The fact that the Asia-Pacific region hosts both the most and least efficient economies in conducting international trade transactions is generally well-known. However, information on the actual implementation of specific trade facilitation reforms in the Asia-Pacific developing economies is generally lacking.
This Working Paper presents Asian Single Window background and evolution; a description of what we mean by national versus regional single window; an update on Member States’ National Single Window (NSW) status; an overview of Asian Single Window (ASW) technical, legal aspects; an assessment of institutional and technical aspects of the Asian Single Window work; potential benefits from the crossborder exchange of data using the Asian Single Window; incremental benefits from Asian Single Window; challenges to Asian Single Window implementation; and conclusions.
The Asia-Pacific Trade and Investment Report (APTIR) is a recurrent publication prepared by the Trade and Investment Division. It aims to deepen understanding of regional trends and developments in trade and investment; emerging issues in trade, investment and trade facilitation policies; and impacts of these policies on countries’ abilities to meet the challenges of achieving inclusive and sustainable development. APTIR 2012 focuses on trends and developments in the economies of Asia and the Pacific in their post-recovery from the 2008-2009 crisis and trade collapse.
Agriculture remains the backbone of most Asia-Pacific developing economies and approximately 50% of the Asian working population is employed in the agricultural sector. In view of the export potential of agricultural products in the region, it is urgent to reduce trade costs in this sector, particularly since they are typically twice as high as those for manufactured goods. Agricultural trade costs within each of the different Asian subregions and country groups are not found to differ sharply, particularly when tariff costs are excluded.
This Guide covers the wide-ranging legal issues that are related to the development and operation of a Single Window and, to a certain degree, some of the important electronic commerce legal concepts and approaches applicable to the single window environment. It is intended to give policymakers a broad understanding of the key considerations that should be addressed in effectively establishing the legal infrastructure for a SW.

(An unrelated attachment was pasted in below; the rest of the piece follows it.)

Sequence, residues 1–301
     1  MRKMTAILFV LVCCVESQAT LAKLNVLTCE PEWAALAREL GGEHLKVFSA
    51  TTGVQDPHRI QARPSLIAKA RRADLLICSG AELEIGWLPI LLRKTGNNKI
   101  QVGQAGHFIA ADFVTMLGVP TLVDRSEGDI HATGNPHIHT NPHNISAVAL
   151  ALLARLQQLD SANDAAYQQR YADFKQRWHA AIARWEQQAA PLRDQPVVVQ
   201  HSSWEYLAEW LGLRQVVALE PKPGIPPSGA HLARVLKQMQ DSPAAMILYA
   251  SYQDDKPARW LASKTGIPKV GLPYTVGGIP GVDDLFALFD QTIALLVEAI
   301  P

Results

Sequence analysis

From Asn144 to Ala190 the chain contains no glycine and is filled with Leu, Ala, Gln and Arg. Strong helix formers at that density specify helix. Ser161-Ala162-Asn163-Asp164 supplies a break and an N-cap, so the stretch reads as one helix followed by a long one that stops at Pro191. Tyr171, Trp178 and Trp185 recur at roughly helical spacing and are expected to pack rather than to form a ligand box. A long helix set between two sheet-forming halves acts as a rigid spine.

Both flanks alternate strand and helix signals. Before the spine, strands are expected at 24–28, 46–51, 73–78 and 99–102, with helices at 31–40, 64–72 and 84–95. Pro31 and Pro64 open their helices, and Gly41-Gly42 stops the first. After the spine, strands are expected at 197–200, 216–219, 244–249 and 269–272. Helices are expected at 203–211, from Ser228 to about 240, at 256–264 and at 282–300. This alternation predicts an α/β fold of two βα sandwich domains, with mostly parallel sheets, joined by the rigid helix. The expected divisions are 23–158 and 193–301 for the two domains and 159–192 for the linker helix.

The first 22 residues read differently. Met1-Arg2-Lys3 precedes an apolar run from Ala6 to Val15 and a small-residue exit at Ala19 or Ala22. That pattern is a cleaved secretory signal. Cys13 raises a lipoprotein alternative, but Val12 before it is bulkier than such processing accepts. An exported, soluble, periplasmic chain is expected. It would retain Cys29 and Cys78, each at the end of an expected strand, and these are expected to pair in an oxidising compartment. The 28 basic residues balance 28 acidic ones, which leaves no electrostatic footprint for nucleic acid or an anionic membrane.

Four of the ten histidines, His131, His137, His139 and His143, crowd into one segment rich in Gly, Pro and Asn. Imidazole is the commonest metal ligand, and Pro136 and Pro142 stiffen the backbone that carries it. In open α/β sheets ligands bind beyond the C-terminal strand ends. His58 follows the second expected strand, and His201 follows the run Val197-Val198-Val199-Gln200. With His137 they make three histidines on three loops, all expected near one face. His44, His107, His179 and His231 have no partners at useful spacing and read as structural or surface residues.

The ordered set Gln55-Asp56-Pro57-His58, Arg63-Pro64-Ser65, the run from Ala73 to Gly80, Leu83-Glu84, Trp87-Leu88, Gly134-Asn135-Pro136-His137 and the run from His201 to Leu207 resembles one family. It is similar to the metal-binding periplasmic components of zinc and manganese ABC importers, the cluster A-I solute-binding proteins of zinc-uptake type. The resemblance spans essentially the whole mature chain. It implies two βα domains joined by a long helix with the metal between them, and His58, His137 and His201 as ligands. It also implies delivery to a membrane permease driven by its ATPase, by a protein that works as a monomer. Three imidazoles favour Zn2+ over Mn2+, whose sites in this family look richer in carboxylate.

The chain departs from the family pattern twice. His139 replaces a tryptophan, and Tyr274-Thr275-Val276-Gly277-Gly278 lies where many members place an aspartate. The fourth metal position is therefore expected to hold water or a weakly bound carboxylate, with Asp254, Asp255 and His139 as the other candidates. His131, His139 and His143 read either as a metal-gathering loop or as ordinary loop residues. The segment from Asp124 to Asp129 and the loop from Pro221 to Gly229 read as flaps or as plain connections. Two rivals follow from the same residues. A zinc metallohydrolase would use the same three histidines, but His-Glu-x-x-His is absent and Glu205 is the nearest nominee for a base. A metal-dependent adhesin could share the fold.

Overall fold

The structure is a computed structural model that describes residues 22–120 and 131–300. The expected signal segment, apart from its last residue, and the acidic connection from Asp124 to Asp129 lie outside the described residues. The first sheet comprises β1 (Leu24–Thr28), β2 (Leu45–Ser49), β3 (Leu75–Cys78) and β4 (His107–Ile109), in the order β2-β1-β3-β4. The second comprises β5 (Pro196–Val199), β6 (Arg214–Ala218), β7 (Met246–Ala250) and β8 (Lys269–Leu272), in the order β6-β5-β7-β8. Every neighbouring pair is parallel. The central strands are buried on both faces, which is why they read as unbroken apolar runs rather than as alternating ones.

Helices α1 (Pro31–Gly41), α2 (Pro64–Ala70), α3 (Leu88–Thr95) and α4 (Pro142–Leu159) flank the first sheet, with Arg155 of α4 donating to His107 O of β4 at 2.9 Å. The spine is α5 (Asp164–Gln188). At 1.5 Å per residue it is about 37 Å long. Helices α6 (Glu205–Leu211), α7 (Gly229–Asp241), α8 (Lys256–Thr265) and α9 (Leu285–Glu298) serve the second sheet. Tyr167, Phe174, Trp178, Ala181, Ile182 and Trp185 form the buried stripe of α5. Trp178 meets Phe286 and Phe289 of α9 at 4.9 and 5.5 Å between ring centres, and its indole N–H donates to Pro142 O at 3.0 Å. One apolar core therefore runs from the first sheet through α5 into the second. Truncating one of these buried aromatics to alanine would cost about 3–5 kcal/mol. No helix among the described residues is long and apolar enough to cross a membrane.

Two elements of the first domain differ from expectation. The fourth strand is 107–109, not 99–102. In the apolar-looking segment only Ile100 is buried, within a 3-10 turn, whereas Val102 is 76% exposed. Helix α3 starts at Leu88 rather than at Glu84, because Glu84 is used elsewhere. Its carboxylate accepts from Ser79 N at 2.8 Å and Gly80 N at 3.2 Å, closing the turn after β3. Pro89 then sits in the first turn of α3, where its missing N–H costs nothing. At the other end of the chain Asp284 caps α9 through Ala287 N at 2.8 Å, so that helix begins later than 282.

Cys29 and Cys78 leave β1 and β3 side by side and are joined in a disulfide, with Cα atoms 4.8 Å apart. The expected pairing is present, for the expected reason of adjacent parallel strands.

"The BPA Guide offers a simple methodology to elicit, document, and analyse the existing “as-is” business processes involved in international trade, as well as aid in developing recommendations for further improvement. It suggests a set of practical steps and activities, from setting the scope of the business process analysis project; planning its implementation; collecting relevant data; and presenting it in an easily understandable manner, to analysing the captured data in order to identify bottlenecks and developing recommendations for improvement.
Simplification and harmonization of trade data and documentary requirements can contribute significantly to the reduction of time and costs for international trade transactions. Harmonizing data used in trade documents and aligning them with international standards also ensures data interoperability among the various parties engaged in a trade transaction.
There is ample evidence that successful implementation of bilateral or regional trade and economic integration initiatives would have a very significant impact on intraregional trade in Asia and the Pacific. However, little is known about the level of intraregional trade costs in the region and to what extent these costs may have decreased over time. This paper introduces new aggregate and sectoral estimates of bilateral trade costs in Asia and the Pacific available in an updated and extended version of the ESCAP Trade Cost Database (Version 2).
The Single Window Planning and Implementation Guide contains managerial guidelines for policy managers, policymakers and those who are tasked to plan and manage the information technology-enabled Single Window development projects for simplifying cross-border trade procedures and document requirements within developing economies and transition economies.
The growth of agricultural trade has direct implications for the Asia-Pacific region. Agricultural supply chains employ millions of people and there is a growing need for food commodities and high-value food products. The Asia-Pacific region is both a major consumer and producer of agricultural products. Its growth in both imports and exports is accelerating, but not to the potential. There is significant opportunity in this region to expand agro-trade especially due to population growth, dietary change of consumers and trade of high-value products.